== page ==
Emergency department care

The United Kingdom Supreme Court has published its decision in the matter of Darnley v Croydon Health Services NHS Trust [2018] UKSC 50.

Mr Darnley suffered a head injury and went to hospital. He was told by the A&E receptionist that it would be four to five hours before he was seen, whereas the true position was that he would be seen by a triage nurse within thirty minutes. After 19 minutes, the claimant (feeling unwell) and his friend left and he went home. He then suffered a deterioration in his condition and ultimately suffered severe disabilities.

Allowing the appeal, the Supreme Court focused on the ‘flawed’ approach of the majority in the Court of Appeal to the duty of care issue. It held that the case fell squarely within an established category of duty of care. At [16]:

While it is correct that no authority has been cited in these proceedings which deals specifically with misleading information provided by a receptionist in an A & E department causing physical injury, it is not necessary to address, in every instance where the precise factual situation has not previously been the subject of a reported judicial decision, whether it would be fair, just and reasonable to impose a duty of care. It is sufficient that the case falls within an established category in which the law imposes a duty of care.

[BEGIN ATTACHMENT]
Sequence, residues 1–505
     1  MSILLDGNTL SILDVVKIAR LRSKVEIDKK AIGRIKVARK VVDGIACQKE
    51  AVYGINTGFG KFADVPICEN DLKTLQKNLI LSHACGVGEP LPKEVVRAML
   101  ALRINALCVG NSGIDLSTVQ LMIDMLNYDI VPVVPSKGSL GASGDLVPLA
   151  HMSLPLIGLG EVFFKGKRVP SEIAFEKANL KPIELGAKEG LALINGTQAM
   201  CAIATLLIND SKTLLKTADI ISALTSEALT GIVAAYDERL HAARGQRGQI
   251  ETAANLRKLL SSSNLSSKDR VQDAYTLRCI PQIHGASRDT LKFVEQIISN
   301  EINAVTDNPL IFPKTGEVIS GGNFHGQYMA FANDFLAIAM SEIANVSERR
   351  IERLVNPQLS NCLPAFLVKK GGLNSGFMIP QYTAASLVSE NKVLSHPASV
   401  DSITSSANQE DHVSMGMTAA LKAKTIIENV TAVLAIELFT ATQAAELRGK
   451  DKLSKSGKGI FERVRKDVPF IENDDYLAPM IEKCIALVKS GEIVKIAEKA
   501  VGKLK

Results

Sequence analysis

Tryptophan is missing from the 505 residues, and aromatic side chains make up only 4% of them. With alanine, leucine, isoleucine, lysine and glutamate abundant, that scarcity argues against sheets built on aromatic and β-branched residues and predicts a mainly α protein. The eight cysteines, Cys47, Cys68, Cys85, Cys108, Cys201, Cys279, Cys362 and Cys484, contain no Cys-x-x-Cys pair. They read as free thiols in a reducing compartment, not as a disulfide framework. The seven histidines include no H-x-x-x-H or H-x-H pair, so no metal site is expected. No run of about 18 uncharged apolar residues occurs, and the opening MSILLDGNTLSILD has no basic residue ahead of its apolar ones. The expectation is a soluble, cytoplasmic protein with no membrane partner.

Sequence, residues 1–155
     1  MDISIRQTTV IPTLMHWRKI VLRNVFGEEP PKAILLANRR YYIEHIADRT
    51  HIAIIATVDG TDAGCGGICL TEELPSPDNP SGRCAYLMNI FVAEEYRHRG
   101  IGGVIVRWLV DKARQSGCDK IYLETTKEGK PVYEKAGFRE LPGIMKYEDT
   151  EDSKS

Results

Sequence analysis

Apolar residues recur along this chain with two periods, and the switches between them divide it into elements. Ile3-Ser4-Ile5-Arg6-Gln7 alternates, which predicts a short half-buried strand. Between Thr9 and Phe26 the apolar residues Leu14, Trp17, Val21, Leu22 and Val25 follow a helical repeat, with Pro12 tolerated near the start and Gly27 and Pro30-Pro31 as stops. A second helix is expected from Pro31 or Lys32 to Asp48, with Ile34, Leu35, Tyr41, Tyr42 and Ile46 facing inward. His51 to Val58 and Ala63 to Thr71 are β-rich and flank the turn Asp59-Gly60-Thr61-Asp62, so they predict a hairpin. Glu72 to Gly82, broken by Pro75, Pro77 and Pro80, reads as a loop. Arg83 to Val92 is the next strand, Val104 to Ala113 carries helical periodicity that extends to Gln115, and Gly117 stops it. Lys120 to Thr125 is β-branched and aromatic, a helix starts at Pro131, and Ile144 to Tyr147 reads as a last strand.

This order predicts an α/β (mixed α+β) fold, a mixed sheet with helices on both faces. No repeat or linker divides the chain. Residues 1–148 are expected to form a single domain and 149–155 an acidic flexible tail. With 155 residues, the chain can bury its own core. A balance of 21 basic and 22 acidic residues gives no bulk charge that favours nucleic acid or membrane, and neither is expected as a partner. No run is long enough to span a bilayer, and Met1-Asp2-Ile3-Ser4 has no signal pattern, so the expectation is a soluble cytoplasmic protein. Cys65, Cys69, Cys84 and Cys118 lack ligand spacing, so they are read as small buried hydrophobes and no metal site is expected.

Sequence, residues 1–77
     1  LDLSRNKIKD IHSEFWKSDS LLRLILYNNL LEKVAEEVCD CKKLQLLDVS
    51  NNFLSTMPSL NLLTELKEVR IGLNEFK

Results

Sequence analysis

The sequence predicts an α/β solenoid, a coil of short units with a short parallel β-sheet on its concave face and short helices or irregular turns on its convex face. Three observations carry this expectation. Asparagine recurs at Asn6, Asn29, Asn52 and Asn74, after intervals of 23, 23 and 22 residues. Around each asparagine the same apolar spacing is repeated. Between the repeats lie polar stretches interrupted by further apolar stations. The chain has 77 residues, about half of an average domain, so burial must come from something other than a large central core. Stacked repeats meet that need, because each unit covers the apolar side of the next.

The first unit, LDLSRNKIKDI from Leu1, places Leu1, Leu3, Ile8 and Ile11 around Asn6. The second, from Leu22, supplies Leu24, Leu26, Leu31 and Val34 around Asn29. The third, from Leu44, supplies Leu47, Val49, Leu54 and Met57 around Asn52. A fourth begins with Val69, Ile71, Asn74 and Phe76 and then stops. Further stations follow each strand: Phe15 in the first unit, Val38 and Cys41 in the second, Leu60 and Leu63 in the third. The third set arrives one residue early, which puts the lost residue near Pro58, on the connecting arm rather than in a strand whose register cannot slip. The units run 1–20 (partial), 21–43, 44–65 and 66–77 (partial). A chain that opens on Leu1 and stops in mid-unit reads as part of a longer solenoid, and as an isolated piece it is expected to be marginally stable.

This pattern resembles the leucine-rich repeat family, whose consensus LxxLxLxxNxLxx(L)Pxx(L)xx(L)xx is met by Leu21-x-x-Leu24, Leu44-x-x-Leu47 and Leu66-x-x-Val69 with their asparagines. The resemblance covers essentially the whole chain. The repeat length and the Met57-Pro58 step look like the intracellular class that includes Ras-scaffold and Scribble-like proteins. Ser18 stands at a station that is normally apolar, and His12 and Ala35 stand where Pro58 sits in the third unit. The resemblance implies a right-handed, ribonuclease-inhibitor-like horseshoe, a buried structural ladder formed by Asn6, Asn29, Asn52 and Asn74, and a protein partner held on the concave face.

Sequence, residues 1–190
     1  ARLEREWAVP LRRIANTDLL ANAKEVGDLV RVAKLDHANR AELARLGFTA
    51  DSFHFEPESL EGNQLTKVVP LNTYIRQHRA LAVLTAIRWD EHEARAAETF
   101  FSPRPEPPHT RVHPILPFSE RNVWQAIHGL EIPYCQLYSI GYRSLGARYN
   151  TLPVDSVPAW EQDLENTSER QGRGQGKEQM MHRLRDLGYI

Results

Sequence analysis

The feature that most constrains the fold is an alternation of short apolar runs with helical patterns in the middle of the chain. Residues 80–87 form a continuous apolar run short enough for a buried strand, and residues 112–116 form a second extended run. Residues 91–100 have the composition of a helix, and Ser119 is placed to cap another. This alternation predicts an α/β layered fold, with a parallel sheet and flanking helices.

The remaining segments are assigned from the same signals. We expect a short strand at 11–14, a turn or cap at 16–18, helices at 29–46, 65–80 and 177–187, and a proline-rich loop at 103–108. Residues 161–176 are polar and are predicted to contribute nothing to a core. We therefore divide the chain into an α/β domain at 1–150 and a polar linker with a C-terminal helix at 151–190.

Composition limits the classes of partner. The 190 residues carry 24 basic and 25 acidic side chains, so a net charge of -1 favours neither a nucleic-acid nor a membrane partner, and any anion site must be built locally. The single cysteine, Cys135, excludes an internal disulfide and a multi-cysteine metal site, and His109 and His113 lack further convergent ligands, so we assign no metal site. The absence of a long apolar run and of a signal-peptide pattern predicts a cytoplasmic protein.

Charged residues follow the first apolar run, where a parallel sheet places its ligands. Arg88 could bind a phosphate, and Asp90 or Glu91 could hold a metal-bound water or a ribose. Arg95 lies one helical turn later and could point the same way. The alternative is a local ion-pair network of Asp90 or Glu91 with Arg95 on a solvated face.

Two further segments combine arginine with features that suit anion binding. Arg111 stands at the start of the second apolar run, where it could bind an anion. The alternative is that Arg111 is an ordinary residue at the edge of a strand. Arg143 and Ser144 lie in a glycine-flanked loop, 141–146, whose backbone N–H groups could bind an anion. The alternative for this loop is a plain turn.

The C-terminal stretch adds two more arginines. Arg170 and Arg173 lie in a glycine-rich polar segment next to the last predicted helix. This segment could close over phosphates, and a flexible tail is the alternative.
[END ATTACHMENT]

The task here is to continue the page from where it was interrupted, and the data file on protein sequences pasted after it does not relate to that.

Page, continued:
The duty of care is owed by the hospital trust and it is not appropriate to distinguish, in this regard, between medical and non-medical staff: [17].

The court mentioned as providing great assistance a note by Professor James Goudkamp ([2017] CLJ 481) on the decision of the Court of Appeal: [23].

In relation to breach of duty, the court held that the information provided to the patient was incomplete. The The trial judge made the critical finding that it was reasonably
foreseeable that a person who believes that it may be four or five hours before he
will be seen by a doctor may decide to leave: [27].

On causation, the court noted the decision of the trial judge that judge found that, if the patient had been told that he would be seen within 30 minutes, he would have stayed in the waiting area and would have been seen before he left. He would then have been admitted or told to wait. He would have waited and his later collapse would have occurred within a hospital setting: [29].

The matter was remitted for trial to assess damages.

The UKSC decision has some similarity to the decision in Wang v Central Sydney Area Health Service [2000] NSWSC 515.